Written by attorney John Neal Griffith

How do I file for Divorce in California? How long does the process take? How should I prepare?

Petition for Divorce

To begin a divorce in the state of California, one spouse must file a Divorce Petition. The person who files the Petition is then referenced as the "Petitioner." The Divorce Petition must then be served on the opposite spouse.

Response to Petition for Divorce

After the opposite spouse is served, that person has 30 days to file a Response. This document tells the court that the Respondent wishes to participate in the divorce proceedings. The person who must file the Response is then referenced as the "Respondent."

Uncontested “Default" Divorce

If the Respondent fails to file a Response within 30 days after being served with divorce paperwork, the case may proceed without the Respondent’s participation. This is known as a default. The Petitioner requests that the court enter a default against the Respondent. At this point, the Petitioner may prepare a judgment and submit it to the court. The Petitioner requests orders concerning custody, visitation, child support, spousal support, attorney fees, and division of property (All depending on the issues between parties). Six months after the Respondent is served with the Divorce Petition, the divorce becomes final (this is called a "waiting period").


If the Respondent files a Response, the dissolution proceeding becomes a “contested matter." The parties are required to exchange documents and other information about their property, debts and incomes. This stage of the divorce is called "Discovery." Discovery can be in the form of questions asked in person (by deposition) or through written questions and requests for documentation.

Temporary Orders for Child Custody, Child Visitation, Spousal Support, Child Support,Attorney Fees

If one or both of the parties need the court to make orders before trial, either spouse may request these orders by filing an Order to Show Cause. Normally, the request will be for child custody, child visitation, child support, spousal support, attorney fees, or for a domestic violence restraining order. Each party appears in court and explains his/her position. The court then makes temporary orders based upon the evidence.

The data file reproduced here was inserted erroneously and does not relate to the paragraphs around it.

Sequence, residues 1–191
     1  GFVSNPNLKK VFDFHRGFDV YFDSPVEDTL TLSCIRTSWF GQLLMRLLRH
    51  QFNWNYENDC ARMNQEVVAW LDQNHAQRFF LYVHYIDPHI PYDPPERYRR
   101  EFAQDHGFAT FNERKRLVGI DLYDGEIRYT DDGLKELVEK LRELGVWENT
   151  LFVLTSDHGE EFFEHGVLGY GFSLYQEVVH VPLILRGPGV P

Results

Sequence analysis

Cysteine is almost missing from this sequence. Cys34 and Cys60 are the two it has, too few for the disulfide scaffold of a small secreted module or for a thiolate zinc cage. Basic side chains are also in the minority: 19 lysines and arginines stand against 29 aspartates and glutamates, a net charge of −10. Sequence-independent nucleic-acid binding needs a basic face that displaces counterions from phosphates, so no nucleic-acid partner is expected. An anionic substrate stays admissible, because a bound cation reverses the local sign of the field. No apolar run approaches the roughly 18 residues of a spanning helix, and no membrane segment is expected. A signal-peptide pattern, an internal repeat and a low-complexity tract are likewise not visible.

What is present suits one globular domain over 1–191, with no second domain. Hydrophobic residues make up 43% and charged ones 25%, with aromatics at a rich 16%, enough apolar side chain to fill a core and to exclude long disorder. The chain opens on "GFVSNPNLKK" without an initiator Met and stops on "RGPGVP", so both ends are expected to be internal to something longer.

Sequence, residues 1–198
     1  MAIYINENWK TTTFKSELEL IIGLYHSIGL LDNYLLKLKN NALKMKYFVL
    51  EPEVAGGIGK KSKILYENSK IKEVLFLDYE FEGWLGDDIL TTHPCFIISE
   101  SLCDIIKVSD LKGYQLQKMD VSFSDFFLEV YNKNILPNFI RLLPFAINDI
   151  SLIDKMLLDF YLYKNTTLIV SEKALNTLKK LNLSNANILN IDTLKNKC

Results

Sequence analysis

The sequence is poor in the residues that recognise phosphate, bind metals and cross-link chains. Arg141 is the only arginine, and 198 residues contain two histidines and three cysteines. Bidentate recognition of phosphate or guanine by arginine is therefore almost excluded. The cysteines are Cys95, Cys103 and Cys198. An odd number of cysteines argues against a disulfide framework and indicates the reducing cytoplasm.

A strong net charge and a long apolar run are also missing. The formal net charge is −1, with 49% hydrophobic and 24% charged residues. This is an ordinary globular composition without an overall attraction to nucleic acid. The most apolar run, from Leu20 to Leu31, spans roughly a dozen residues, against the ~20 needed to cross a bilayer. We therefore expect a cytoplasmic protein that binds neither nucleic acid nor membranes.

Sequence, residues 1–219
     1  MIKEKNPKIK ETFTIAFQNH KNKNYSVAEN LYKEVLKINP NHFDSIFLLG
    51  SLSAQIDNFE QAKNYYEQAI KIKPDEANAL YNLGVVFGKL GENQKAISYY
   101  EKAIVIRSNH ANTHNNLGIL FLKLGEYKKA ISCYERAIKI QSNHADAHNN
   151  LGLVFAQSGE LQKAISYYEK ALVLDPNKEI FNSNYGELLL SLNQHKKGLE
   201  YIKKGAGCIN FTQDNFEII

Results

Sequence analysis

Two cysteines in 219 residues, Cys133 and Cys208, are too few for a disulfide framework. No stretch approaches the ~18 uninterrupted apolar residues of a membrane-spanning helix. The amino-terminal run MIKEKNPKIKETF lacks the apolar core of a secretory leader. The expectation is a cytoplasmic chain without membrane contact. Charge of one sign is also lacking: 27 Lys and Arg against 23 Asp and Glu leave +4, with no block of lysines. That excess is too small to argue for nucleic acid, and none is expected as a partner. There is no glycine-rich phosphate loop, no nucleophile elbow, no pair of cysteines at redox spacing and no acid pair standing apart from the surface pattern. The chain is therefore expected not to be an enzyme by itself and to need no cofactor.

Mandatory Settlement Conference and Trial Setting

After discovery is complete, the court will set the case for a Trial. Normally, the court will schedule a Mandatory Settlement Conference before trial. This is a date in the courtroom when both sides are ordered to appear with their attorneys and attempt to settle as many issues before the trial as they can. If they are able to settle the entire case, a Marital Settlement Agreement is drafted, and a judgment of dissolution is entered. (*Again, six months after the Respondent was served with the Divorce Petition, the divorce becomes final.) At trial, each attorney presents evidence and arguments. The judge makes orders on all unresolved issues. The judgment is prepared and approved by the divorce attorneys and then submitted to the court. Once the judge signs the judgment and the six month waiting period has elapsed, the divorce becomes final.

Post Judgment Modification of Orders

Even after the court signs the judgment for divorce, some orders can be modified. These include child support, custody, visitation, and usually spousal support. However, only in limited circumstances can other orders be changed after the judgment is entered, these include orders dividing property, and orders awarding attorney fees.Keep in mind that every divorce can be very different depending on the specific issues between spouses. As mentioned, a divorce can be finalized within the waiting period, but if the parties cannot reach an agreement and a judgment is not made final within the waiting period, then the process could take quite a bit longer.The best way to prepare for a divorce is to listen to the advice of your attorney and be willing to compromise within reason. It’s also important to be sure that you are satisfied with agreements made because you will have to live with them (in large part) once your divorce is finalized.

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